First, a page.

Tuesday, April 23, 2013

Could There Be Something To This

I purchased this book years ago because I enjoyed the concept of matching insect hatches with the timing of flowers blooming. The book is informative and easy to read, and authored by fly anglers. Small streams do have insect hatches, although not as prolific as larger rivers. The wild trout that inhabit these small streams are usually not selective and will eat anything that looks like food. Then again if you have a lot of one bug coming off the bottom and hatching it's most likely to catch someones eye, namely the trout.

Yesterday I decided to test the idea out. Knowing that Trillium was about to bloom I carried a variety of March Brown flies. The book claims that Trillium and March Brown mayflies go together. The patterns carried were Catskill style dries, a soft hackle wet, some emergers, and parachute dries. They were all of the basic colors of the March Brown.

The Trillium was in bloom, and they were beautiful. Later in the afternoon I noticed a few flies in the air and tied on the Catskill dry. The fly was not taken, even with a long tryout. The soft hackle produced a few hits and one nice brook trout. Next the emerger was tried and it brought several nice fish to hand. But the parachute March Brown was the best. They really attacked it.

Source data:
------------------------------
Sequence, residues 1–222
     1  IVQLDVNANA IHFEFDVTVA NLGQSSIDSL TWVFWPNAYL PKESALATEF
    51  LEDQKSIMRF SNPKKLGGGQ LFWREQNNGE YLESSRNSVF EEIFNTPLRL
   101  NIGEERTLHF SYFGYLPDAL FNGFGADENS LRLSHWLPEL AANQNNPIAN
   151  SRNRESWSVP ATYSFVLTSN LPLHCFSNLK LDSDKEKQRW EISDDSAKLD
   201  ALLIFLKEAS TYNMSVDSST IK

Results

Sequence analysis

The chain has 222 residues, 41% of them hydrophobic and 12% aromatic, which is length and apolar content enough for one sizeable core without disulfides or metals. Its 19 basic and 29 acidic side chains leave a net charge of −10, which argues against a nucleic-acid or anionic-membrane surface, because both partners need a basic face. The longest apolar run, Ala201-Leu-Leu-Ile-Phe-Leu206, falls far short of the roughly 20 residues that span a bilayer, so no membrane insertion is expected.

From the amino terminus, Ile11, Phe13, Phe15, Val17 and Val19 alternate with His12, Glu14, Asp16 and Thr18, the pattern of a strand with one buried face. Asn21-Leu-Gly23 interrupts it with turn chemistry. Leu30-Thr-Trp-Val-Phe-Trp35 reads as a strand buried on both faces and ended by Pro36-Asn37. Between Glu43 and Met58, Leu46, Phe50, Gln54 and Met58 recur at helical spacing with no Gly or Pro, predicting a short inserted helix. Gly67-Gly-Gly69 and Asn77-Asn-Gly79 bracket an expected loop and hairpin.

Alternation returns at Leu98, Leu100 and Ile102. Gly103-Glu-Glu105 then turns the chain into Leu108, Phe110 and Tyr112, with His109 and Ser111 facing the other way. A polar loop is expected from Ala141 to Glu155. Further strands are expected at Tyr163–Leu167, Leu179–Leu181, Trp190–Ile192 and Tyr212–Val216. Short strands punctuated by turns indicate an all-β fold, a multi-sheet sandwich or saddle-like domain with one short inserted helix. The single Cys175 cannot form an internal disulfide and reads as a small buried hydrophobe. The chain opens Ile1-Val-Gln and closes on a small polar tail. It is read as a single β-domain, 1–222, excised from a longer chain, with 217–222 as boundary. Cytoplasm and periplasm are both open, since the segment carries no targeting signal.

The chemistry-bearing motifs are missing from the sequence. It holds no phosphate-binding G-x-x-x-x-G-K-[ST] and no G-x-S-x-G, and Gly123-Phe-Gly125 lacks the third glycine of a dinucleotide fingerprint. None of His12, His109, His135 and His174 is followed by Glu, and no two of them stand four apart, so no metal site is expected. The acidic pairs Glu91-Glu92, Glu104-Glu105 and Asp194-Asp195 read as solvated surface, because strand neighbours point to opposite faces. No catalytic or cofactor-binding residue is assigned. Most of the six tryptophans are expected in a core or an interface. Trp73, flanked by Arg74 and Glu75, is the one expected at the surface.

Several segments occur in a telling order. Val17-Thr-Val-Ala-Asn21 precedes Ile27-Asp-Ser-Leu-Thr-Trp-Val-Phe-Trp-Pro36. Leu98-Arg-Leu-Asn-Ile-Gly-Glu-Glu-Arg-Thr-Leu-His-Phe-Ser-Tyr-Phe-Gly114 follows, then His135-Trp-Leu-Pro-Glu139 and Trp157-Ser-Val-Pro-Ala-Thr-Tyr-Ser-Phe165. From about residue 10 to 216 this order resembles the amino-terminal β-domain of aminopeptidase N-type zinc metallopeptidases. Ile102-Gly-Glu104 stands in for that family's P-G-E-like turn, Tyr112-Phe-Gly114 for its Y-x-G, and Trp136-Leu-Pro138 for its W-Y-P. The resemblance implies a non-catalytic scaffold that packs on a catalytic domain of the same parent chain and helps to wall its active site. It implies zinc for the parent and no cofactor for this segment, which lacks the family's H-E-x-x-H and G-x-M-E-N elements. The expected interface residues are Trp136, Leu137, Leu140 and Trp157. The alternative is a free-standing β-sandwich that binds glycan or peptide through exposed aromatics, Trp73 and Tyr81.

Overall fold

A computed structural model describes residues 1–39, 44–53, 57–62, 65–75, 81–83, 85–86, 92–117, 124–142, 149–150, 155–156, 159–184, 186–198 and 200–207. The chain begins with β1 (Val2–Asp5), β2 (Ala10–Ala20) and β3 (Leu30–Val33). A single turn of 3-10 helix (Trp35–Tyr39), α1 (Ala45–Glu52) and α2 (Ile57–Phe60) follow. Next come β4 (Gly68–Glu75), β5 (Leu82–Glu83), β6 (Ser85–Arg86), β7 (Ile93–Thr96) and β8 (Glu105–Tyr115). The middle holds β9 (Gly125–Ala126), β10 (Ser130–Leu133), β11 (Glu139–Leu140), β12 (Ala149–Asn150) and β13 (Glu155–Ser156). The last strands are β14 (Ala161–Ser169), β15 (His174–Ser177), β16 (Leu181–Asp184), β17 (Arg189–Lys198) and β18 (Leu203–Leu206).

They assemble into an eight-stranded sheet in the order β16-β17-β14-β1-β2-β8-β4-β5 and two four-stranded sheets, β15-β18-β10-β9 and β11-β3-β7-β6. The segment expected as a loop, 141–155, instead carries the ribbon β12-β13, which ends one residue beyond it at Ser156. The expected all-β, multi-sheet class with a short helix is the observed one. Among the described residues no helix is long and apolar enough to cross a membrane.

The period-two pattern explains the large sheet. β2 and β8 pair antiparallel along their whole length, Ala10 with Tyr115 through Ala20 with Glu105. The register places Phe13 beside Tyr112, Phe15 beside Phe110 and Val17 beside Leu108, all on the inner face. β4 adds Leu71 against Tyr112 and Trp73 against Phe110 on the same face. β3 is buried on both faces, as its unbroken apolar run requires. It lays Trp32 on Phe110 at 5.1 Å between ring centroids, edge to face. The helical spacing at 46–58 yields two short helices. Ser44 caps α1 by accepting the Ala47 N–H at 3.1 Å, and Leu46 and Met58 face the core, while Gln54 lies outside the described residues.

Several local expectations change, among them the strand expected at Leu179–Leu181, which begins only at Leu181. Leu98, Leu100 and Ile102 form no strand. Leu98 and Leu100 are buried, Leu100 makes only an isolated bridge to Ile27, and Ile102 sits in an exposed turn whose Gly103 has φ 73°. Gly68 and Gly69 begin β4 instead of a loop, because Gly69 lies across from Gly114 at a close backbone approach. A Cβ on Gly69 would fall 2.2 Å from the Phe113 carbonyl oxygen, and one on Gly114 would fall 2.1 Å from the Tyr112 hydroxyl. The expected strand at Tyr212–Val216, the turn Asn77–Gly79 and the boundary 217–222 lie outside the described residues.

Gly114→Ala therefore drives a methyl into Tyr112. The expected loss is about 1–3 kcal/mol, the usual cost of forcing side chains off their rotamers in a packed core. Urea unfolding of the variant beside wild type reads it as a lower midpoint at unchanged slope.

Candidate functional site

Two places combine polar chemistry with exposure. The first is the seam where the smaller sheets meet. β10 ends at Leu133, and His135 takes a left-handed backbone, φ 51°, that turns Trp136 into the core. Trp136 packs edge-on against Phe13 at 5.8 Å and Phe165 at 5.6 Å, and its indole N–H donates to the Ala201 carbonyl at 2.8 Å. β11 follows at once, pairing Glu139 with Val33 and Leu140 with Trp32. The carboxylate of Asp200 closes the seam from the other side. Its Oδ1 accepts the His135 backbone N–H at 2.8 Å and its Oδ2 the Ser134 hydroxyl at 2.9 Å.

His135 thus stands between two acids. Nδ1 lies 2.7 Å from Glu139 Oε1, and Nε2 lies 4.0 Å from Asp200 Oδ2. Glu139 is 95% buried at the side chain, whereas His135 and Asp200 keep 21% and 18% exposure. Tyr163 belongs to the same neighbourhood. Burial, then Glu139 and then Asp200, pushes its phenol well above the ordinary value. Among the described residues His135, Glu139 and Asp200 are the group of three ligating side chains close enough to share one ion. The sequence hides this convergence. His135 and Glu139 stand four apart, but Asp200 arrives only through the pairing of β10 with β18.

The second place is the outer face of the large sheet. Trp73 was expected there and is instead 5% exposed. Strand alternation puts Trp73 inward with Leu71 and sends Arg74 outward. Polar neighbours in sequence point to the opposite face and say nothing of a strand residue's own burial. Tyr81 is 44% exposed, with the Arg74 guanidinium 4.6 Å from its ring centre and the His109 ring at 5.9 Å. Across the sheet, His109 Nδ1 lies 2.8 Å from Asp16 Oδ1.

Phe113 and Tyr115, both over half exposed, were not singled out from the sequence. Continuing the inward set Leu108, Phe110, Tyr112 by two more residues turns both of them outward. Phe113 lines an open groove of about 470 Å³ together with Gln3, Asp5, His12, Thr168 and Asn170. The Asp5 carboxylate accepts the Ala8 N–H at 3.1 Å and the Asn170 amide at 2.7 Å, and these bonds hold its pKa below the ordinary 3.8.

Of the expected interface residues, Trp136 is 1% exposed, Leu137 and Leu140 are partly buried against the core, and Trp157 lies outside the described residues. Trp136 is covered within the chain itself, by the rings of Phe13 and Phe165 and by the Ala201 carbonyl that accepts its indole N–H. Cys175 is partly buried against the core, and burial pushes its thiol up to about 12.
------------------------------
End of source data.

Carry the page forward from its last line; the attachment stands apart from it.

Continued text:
The assortment of March Brown look a likes.


Is there something to this "Trout Flies and Flowers"


CLICK IMAGES TO ENLARGE

22 comments:

  1. I'd guess your experiment was a success. Beautiful photos Alan.

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    1. Howard Levett,
      Thanks.
      So far. I will test more today.
      Howard I've been unable to post a comment on your blog.

      Delete
  2. I believe there is something to it. Nice photo's!

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  3. The way parachutes sit in the surface film drives them trout crazy! :) Nice job Al!

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    1. Apache Trout,
      Thanks.
      A nice low profile.

      Delete
  4. Looks like a great book, might have to order and add to my collection!

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    Replies
    1. LQN,
      Thanks.
      I think you'll enjoy it.

      Delete
  5. You asked us if there was anything in this link between flowers and the flies the trout will eat. Here's my two pennyworth...

    It's a happy coincidence! Certain flowers appear at the same times of the year as certain flies appear. Also during certain conditions, particularly early in the season.

    In England we have a flower called Lesser Celandine, it appears from March until the end of May. It is a prostrate little plant with bright yellow flowers. To attract pollonators it opens up wide and displays its yolk coloured petals like a brash advertisement. If rain is in the offing the flowers close up. This coincides with quite poor prospects of finding flies of the season (in England the Large Dark Olive) on the water. If the flowers are open, however, you can bet on dry weather for a few hours and Lo and Behold! The flies are also out on the water and your prospects of Sport are very good.

    I don't think the flowers influence the flies. The flies and the flowers are simply both influenced by the weather and the season of the year...